It’s a great pleasure to welcome Cynthia Woolf to my blog today. To kick off the interview, tell us about yourself.
Thanks for having me as your guest, Anna. I was born in Denver, Colorado and raised in the mountains west of Golden. I spent my early years running wild around the mountain side with my friends.
Our closest neighbor was one quarter of a mile away, so my little brother was my playmate and best friend. That fierce friendship lasted until his death in 2006.
I was and still am an avid reader. My mother was a librarian and brought new books home each week. This is where I first got the storytelling bug. I wrote my first story at the age of ten. A romance about a little boy I liked at the time!
I worked my way through college and went to work full time straight after graduation and there was little time to write. Then in 1990 I and two friends started a round robin writing a story about pirates. I found that I missed the writing and kept on with other stories. In 1992 I joined Colorado Romance Writers and Romance Writers of America. In 2001, I saw an ad in the paper for a writers’ conference being put on by CRW and decided I would attend. One of my favorite authors, Catherine Coulter, was the keynote speaker. I was lucky enough to have a seat at Ms. Coulter’s table at the luncheon and after talking with her, decided I needed to get back to writing.
I credit my wonderfully supportive husband Jim and the great friends I’ve made at CRW for saving my sanity and allowing me to explore my creativity.
Sounds like it was meant to be. If you could live anywhere in the world where would it be?
Hawaii. We love Hawaii. The beach, the slow pace. I’d love to have a little bungalow on the beach where I could swim every morning and watch the sunrise every day.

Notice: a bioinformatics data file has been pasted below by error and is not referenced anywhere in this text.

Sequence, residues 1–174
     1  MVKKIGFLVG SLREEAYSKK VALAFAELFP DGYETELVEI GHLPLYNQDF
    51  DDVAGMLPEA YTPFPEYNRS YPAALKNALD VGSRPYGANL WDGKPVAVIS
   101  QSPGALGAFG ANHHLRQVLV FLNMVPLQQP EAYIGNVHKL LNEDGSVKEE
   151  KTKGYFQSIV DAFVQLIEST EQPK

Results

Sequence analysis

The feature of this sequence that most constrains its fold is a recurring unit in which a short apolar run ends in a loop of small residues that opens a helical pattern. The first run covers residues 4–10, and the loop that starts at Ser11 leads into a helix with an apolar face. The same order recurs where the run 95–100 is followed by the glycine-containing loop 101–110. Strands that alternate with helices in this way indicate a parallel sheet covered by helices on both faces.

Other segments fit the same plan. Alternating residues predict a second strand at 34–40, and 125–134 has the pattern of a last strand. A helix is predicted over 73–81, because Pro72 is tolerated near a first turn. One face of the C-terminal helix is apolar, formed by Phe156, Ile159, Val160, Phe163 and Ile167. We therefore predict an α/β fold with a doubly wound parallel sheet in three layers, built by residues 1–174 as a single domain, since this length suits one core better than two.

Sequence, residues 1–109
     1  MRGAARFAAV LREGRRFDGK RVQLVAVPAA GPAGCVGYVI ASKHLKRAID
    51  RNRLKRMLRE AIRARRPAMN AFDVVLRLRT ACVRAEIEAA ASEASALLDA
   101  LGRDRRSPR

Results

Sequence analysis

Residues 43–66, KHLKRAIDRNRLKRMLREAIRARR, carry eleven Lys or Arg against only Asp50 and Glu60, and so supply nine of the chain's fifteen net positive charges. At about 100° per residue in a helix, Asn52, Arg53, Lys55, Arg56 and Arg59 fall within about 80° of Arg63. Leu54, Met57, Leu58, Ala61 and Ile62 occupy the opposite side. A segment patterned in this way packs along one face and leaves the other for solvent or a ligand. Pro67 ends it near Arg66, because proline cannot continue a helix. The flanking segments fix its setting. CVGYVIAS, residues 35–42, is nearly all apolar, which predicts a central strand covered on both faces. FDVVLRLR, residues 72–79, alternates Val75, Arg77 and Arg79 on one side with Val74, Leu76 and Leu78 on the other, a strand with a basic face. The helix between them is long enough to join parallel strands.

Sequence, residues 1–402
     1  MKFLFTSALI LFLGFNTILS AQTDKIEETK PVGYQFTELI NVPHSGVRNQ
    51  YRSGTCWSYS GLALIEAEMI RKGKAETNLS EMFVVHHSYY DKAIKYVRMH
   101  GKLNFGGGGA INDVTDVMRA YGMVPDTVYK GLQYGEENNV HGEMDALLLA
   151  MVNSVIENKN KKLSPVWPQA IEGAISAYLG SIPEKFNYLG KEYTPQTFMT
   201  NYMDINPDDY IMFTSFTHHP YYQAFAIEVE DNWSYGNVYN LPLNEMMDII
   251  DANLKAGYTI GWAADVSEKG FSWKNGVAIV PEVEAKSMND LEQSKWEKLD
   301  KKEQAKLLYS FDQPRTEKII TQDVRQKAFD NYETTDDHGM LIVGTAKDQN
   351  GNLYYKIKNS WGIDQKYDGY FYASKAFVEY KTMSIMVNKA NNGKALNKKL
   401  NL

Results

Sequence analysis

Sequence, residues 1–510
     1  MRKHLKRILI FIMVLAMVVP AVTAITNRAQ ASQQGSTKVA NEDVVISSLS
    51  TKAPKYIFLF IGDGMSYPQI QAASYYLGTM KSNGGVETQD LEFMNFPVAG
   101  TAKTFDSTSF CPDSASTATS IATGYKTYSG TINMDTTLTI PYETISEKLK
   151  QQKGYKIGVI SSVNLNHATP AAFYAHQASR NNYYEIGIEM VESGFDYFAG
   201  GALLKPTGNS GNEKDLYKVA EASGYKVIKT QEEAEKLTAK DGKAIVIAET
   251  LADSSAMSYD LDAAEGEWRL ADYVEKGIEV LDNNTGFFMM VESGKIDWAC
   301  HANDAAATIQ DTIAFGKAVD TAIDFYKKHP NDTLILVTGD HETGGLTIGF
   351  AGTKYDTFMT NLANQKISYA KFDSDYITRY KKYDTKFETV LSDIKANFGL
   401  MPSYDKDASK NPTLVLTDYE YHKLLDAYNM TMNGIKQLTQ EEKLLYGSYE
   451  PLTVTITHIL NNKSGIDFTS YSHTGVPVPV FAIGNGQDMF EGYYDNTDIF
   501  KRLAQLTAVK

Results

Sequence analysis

Paradise! Have you had other careers before becoming a writer? I’ve been a sales and use tax accountant, a property tax accountant, a real estate appraiser, a waitress, a bookmobile page, a janitor, a statistician, a deputy assessor, and a tax manager.
Wow! You’ve worn many hats. Are you a full time writer now or do you have a “day job”? I’m currently a full time writer. I was lucky enough to be in a place financially that when I was laid off from my “day job” I could become a full time writer. I wouldn’t change it for the world. I work much longer hours, about 18 hours a day between writing, promo, email etc. but it’s the best job ever.
I agree. How did you get started writing? I started writing as an adult in about 1990. I was going through a really rough patch in my life and needed an outlet. Writing gave me that. I loved it. I kept trying to get traditionally published and getting rejected. It’s probably one of the best things that happened to me. Now as an indie author, I can write what I want, how I want and at what pace I want. I’m only limited by myself.